Des Moines Register: Challengers attack Bush on eve of debate
By David Yepsen/Des Moines Register
December 13, 1999
Web posted at: 10:11 a.m. EST (1511 GMT)
DES MOINES, Iowa (Des Moines Register) -- Several of George W. Bush's challengers for the Republican presidential nomination peppered the Texas governor with attacks Sunday as the GOP field prepared for tonight's presidential debate in Des Moines.
Utah Sen. Orrin Hatch, chairman of the Senate Judiciary Committee, unveiled his "Hatch Day One Agenda" of things he would do on his first day in office.
That agenda would include establishing a code of conduct for the presidency, enforcing criminal laws governing firearms, revoking executive orders that have expanded executive branch power, and initiating an effort to combat terrorism in the United States.
"I think I have more to offer than any of the other candidates who are there," Hatch said during an interview on Iowa Public Television's "Iowa Press" program. "I think experience is a good thing."
Hatch said as a senator, "I've been able to bring both sides together to get things done for the good of the country." He said President Clinton has appointed about half the federal judiciary and it is important for Republicans to win the White House so they can appoint the other half and not turn the judiciary over to the Democrats.
Also Sunday, former commentator Alan Keyes said on ABC's "This Week" program that Bush doesn't want to face the abortion issue.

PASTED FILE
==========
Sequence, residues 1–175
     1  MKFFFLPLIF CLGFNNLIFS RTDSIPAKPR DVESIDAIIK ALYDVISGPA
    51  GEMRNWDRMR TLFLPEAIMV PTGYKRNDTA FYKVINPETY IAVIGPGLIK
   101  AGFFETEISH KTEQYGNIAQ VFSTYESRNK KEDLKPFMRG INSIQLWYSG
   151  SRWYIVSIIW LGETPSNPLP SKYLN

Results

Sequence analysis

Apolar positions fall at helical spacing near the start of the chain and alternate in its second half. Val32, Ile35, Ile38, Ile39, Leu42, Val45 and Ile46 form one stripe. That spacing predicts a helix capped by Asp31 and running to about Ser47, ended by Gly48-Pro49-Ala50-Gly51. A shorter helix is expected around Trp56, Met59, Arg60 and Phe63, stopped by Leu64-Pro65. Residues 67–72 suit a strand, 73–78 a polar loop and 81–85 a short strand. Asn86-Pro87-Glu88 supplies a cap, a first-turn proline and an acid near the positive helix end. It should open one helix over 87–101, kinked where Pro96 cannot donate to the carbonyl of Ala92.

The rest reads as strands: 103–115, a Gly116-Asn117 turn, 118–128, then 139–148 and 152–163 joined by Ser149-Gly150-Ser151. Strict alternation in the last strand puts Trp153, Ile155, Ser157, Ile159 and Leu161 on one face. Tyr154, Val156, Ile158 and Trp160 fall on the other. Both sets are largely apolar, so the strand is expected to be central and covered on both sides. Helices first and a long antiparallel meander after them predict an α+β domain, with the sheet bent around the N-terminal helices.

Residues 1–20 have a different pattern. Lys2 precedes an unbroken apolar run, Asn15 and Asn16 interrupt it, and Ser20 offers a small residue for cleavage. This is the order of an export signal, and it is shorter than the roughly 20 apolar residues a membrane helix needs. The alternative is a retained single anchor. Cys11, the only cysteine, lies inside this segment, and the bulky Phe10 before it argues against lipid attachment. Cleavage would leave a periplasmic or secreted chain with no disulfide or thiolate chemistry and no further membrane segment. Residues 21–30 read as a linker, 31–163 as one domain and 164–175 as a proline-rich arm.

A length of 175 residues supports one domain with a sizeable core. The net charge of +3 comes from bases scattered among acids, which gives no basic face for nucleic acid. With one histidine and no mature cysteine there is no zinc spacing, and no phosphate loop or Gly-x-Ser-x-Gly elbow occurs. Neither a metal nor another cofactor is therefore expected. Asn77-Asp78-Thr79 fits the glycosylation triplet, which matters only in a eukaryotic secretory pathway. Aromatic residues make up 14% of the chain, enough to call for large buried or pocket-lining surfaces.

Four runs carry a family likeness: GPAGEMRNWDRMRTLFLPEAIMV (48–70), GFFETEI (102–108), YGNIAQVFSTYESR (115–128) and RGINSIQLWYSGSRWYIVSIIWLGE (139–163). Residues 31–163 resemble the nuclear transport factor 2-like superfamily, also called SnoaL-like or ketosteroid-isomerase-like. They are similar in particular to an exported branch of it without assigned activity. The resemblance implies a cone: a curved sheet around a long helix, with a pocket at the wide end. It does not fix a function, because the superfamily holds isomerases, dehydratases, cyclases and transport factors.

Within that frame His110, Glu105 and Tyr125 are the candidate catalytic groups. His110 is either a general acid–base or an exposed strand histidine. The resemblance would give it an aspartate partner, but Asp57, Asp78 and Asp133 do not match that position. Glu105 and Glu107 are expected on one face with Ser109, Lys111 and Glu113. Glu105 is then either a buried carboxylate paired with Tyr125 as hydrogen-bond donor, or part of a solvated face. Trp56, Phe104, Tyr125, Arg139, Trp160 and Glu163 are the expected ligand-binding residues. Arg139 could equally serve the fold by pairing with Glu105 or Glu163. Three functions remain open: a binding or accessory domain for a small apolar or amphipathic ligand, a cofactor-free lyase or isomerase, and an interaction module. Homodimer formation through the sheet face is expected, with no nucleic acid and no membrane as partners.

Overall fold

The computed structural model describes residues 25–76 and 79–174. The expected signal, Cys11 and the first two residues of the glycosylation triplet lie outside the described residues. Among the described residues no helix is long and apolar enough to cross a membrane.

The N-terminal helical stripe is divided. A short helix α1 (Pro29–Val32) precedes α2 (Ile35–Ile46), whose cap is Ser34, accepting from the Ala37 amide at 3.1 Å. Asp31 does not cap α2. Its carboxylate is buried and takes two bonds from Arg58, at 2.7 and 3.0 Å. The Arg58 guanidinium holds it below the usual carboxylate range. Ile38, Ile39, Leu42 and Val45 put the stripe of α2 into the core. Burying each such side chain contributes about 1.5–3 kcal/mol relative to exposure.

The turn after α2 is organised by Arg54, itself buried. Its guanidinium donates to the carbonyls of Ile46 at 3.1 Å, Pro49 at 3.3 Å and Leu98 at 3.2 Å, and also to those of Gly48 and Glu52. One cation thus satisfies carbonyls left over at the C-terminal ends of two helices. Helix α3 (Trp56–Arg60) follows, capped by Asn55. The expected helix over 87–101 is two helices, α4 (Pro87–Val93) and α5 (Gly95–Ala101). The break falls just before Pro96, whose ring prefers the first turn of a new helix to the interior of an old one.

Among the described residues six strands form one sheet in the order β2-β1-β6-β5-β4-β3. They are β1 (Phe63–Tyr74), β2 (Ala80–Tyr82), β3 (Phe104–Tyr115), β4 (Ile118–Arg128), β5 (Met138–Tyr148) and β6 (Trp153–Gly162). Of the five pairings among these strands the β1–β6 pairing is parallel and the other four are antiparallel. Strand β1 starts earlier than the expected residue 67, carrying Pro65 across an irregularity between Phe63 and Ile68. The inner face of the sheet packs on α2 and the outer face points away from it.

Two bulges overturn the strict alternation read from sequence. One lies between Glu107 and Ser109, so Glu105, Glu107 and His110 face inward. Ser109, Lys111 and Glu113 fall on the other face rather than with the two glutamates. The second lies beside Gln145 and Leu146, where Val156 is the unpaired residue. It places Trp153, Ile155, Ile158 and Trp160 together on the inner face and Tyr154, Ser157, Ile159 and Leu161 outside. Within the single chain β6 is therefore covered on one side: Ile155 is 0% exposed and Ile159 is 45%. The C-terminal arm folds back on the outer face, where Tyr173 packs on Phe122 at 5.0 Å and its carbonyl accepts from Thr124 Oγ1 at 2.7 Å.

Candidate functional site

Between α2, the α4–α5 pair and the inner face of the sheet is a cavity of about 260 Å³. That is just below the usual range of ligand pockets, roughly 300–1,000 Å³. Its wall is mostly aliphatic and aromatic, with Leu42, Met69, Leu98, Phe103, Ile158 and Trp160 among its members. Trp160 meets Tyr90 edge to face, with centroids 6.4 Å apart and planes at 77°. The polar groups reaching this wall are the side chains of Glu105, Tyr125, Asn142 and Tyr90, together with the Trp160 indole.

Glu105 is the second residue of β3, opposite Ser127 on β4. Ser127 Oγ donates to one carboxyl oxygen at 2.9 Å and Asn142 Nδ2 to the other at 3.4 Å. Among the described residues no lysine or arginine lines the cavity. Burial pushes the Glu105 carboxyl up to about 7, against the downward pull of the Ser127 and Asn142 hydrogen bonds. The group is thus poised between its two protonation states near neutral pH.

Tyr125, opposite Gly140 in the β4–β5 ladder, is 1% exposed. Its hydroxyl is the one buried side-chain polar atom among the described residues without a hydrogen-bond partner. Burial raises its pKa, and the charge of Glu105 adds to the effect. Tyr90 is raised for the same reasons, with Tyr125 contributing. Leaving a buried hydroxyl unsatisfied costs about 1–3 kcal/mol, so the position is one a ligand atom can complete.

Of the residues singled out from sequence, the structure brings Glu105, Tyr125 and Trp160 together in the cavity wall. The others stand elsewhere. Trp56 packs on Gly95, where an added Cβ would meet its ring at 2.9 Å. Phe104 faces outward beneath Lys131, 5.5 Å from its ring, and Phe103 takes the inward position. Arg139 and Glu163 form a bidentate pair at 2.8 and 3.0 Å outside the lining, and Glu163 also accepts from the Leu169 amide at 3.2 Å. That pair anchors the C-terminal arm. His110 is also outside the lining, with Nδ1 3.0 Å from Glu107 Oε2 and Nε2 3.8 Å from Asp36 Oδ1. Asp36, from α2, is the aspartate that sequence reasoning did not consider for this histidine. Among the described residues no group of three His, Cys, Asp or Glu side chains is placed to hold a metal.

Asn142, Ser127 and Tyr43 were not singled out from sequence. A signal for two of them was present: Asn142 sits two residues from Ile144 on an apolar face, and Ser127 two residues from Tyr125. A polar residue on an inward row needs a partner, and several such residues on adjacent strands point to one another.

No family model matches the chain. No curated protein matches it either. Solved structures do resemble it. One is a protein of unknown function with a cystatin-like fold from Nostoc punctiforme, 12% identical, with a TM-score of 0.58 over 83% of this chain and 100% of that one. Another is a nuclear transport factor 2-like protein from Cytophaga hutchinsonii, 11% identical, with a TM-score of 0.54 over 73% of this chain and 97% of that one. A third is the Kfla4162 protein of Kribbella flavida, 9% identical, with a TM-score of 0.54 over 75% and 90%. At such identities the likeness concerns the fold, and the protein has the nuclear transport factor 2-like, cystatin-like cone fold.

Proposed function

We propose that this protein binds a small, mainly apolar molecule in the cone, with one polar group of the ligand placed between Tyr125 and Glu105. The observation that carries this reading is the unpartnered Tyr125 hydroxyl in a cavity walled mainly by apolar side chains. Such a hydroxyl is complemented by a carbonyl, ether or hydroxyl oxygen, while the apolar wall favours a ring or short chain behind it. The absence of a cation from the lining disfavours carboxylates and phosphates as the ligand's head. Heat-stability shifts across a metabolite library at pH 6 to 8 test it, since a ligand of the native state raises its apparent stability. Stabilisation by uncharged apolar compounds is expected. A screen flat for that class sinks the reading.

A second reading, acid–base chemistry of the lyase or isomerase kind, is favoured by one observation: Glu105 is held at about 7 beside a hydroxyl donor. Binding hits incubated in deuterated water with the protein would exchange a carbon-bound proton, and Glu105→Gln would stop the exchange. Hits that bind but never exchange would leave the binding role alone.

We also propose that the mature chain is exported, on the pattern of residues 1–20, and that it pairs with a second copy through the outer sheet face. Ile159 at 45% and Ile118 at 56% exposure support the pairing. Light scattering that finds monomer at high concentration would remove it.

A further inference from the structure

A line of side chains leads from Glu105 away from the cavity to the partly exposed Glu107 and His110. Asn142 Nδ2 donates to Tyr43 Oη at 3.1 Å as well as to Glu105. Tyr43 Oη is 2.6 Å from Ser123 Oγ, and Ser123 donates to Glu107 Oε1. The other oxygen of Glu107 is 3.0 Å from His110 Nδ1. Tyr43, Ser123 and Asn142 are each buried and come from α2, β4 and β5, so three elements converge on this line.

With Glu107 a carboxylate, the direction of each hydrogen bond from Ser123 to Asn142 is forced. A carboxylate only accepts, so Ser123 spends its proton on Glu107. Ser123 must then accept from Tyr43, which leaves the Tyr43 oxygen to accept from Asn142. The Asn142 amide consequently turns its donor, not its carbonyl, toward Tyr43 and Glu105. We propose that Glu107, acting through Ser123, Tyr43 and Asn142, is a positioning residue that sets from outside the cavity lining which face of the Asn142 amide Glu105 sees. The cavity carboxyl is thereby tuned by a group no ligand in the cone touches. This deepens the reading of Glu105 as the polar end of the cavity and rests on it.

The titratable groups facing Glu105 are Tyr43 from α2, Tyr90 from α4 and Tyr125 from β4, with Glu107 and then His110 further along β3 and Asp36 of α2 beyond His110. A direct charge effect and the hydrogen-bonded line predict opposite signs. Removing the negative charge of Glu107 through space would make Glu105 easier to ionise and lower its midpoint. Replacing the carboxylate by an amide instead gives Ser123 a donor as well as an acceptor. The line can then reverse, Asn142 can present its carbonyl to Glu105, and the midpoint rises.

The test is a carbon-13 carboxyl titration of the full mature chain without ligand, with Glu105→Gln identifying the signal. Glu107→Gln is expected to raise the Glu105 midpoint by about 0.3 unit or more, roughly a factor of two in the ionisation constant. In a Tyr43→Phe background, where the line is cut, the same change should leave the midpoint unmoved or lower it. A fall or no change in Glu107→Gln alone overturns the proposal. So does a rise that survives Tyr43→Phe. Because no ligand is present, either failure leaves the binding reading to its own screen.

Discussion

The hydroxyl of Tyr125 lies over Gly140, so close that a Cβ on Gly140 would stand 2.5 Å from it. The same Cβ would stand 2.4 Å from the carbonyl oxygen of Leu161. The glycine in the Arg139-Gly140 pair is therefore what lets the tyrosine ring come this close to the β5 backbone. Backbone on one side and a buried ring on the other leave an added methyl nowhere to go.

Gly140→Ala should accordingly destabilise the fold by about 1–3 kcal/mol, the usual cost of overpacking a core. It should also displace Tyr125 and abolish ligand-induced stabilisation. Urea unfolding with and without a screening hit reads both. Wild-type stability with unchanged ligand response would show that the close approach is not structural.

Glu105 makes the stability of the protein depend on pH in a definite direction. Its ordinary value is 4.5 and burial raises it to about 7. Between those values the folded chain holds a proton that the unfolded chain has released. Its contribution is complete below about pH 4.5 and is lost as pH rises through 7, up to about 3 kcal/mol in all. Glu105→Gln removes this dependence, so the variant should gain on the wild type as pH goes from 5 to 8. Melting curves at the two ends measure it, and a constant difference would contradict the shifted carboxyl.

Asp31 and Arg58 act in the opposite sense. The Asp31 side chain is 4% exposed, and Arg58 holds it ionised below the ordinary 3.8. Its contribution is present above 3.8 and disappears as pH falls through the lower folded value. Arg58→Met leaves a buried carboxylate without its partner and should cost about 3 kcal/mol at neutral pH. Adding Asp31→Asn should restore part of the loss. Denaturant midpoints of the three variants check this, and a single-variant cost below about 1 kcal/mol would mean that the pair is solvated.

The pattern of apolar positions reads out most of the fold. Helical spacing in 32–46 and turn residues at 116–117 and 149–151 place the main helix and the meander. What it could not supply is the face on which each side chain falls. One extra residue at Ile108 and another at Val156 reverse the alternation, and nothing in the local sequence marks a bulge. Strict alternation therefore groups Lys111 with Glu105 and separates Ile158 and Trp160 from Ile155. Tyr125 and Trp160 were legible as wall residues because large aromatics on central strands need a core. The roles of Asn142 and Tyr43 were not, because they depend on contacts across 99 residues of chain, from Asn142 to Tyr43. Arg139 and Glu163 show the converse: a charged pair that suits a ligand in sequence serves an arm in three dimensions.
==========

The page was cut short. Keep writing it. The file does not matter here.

Keyes, in an interview conducted from Des Moines, said "my problem with G.W. Bush is he doesn't want to face those priorities. We are in the midst of the greatest moral crisis this nation has ever known. Issues like abortion, that assault the basic moral principles of our nation's life, have to be addressed up front.
"Any Republican who is not willing to address that moral crisis as the top priority is going to lose this election," Keyes said.
Conservative activist Gary Bauer, also in Iowa on Sunday, said on the same program that this month's debates "have raised serious questions about whether the front-runner in the party has any sort of governing vision, whether it's on how to deal with China, basic reform of the tax code, or on the fundamental issue of how we make sure there is a place at the table for our unborn children.
"The race is a lot more fluid now than it was before the debates began. I know why the governor was resistant to get involved. He's not doing very well," Bauer said.
Bauer also accused Bush of failing to promise he would put only anti-abortion judges on the bench. "Mine will all be pro-life or they won't serve. I want to ask him tomorrow night, was Roe vs. Wade (the Supreme Court decision establishing abortion rights) wrongly decided or correctly decided? I think it's a blot on our national conscience. Any nominee of the party of Lincoln or Reagan ought to be willing to say that's bad law that needs to be overturned."
Also over the weekend, publisher Steve Forbes announced he was mailing videotapes to potential Iowa caucus-goers. Forbes aides said some potential supporters are reluctant to go to a caucus because they don't understand the process. He said the tapes are designed to ease anxieties and get supporters to show up on caucus night.